Let’s attack the first verse, shall we? Lust and emotional fallout fueled by chemical means is nothing new, and neither is what the chemicals usually lead to, such as embarrassing situations (showing up at your ex’s door after she’s dumped you in the Script‘s ‘Nothing’) or just plain inappropriate action (even though she’s moved on, ringing your lost love in the middle of the night just to hear her voice in Stornoway‘s ‘Long Distance Lullaby’).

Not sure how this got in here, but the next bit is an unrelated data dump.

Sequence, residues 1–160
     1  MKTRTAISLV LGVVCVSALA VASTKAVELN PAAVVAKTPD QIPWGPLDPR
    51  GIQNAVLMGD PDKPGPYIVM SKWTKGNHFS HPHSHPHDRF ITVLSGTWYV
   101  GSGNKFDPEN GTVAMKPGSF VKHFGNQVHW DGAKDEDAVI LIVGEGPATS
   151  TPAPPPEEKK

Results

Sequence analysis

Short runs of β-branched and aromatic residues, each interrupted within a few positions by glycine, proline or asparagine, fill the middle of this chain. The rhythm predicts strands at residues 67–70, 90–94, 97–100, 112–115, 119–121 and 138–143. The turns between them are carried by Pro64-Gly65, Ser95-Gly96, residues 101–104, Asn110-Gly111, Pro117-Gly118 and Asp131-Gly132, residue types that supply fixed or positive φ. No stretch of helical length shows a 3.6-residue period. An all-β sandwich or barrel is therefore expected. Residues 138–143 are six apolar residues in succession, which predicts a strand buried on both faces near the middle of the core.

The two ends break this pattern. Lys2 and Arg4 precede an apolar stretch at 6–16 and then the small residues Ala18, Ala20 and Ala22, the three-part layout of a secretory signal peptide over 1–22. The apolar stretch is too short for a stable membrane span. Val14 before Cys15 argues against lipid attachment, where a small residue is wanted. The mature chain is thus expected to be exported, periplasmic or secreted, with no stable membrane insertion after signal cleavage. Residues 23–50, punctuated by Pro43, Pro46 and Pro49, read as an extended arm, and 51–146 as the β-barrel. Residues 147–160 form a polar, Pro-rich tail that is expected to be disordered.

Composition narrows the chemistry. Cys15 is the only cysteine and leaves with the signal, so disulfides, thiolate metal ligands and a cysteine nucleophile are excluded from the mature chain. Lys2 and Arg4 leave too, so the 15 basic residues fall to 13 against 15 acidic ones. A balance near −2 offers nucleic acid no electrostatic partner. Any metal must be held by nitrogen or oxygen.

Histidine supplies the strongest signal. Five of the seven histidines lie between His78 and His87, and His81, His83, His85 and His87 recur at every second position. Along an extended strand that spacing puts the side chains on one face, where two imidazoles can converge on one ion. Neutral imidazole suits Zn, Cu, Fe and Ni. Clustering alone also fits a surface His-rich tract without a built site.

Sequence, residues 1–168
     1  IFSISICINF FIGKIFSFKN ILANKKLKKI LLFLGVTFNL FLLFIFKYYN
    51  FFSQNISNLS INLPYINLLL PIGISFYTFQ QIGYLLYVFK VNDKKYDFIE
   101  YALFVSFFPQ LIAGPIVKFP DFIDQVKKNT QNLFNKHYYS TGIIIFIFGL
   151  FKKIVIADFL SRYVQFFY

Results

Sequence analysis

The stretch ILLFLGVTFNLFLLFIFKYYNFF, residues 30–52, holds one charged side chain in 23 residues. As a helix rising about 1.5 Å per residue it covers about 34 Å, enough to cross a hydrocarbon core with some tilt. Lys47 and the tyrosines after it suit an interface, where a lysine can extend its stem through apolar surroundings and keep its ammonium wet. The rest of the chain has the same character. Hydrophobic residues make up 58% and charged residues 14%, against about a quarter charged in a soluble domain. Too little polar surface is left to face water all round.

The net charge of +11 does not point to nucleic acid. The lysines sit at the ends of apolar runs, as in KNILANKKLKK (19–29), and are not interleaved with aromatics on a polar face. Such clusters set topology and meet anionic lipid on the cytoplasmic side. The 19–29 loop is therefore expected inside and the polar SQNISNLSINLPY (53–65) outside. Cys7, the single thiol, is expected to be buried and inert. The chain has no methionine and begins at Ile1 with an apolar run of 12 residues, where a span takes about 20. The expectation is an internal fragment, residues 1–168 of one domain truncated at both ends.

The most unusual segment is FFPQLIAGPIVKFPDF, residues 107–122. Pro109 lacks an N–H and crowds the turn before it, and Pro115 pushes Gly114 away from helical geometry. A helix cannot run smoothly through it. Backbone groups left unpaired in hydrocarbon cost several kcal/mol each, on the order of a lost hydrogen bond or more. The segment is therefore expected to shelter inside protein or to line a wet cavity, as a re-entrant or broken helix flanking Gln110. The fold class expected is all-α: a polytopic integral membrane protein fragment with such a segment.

But the line going into the chorus is pretty telling: “and all I need is a substitute, maybe in the dark she’ll look enough like you…” Even though Waite sings this in such a way that seems carefree, it’s a loaded statement. He’s drinking to forget a woman. Beer goggles or whatever, lust has taken over and he’s accepted a girl who looks like the girl he loves is “good enough” in the dark and worthy of his affections, or at least worthy of his lust. The desire coupled with liquid courage is overtaking him, causing him to hallucinate this girl in front of him as “maybe in the dark she’ll look enough like you…” Call it a rebound move, call it what you want, but it is what it is.